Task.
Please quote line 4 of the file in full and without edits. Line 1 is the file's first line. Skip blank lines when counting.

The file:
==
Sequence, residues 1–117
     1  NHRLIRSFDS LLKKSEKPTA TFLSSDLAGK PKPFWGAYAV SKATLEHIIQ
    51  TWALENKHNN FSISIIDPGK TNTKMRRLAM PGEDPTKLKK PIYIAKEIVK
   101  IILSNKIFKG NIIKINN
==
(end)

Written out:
   101  IILSNKIFKG NIIKINN